* Doom 3's network code is more complex than all of Doom 1's non-network functionality combined.
* The piece of code responsible to render Doom 3's ingame videos is more complex than all of Doom 1 combined.
* Doom 3's audio code (with positional audio, and audio changes based on level geometry) is more complex than all of Doom 1 combined.
* The facial expression system of Doom 3 is more complex than all of Doom 1 combined.
* Sadly, the copy protection system of Doom 3 is more complex than all of Doom 1 combined.
* etc

(Note: I haven't played or examined Doom 3; these statements are equally likely to be true for any other current fps)

I think confusing Doom 3 and Doom 4 (the new Doom) - Doom 3 was from 2004 and I think very few of those statements would be true.
This suggests that Doom was ~40k sloc and that Doom 3 ~600k sloc - that's an order of magnitude increase, but actually perhaps not as big as you might expect (Quake 3, including its tooling, was ~350k).
We can't comment on later id games - the source code has not been released.

Soupspoon wrote:And of course I expect the levels to be more numerous than the 32 (I think) original Doom release levels, as well as more detailed.

An unfortunate fact of modern games is levels are seldom more numerous, just much more detailed.
There's still a Doom modding community, even Doom 3 had people making mods and maps. Making high-quality mods in modern games requires much more effort, as the standard set by the base game is so high.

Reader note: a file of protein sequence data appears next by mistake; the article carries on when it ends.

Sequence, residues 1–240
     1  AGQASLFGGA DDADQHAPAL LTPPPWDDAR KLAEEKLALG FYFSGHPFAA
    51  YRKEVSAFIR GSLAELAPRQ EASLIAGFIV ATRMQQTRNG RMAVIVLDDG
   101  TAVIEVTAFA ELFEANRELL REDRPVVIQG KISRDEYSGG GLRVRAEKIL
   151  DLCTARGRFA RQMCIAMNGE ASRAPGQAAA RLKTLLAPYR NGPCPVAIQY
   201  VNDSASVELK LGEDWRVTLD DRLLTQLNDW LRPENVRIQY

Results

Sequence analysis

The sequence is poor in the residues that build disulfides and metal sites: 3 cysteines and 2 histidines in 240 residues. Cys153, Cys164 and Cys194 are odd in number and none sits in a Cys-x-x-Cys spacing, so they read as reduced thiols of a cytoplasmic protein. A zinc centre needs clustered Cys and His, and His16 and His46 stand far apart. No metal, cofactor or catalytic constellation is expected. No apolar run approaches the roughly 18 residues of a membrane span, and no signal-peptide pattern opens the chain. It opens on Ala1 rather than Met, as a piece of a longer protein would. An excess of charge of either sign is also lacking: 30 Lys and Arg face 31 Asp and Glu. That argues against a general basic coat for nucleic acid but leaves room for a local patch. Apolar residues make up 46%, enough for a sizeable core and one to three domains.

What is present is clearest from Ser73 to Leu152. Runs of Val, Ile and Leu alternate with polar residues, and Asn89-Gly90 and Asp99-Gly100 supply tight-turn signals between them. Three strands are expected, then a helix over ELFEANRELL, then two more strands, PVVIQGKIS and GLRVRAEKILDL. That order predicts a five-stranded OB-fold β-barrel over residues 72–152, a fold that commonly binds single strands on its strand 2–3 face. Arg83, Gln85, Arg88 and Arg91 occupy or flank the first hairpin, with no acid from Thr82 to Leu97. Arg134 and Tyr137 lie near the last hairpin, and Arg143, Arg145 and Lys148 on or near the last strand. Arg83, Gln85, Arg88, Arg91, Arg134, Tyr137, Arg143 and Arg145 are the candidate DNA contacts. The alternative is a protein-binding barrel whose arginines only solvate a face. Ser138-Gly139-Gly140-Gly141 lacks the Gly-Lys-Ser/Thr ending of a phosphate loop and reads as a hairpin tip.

pogrmman wrote:However, if you implemented the same code in a highly readable fashion (like OOP tends to do)

I'm of the opinion that readable code and OOP code have no causal link. Video game devs have their own reasons for not liking OOP, and long term maintainability has historically not been a concern.
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Re: Bettering vs Bloat?

Postby Soupspoon » Fri Aug 19, 2016 11:01 am UTC

Hmm, conversation here sprang up without me noticing.

(And started writing this before Xenomortis's prior message appeared...)

Points already conceded about readability compared with bare Assembler, but wisely written C is a short step from such an optimum yet does not drag invisible object-handling into the equation. I don't object to the handling, but I like to know what goes on, in getting my mind into the code, and writing my own packaging methods, effectively, was something I now realise I did before I knew what OO was. But today isn't the age (with exceptions) of one-person developers producing their own products in isolation.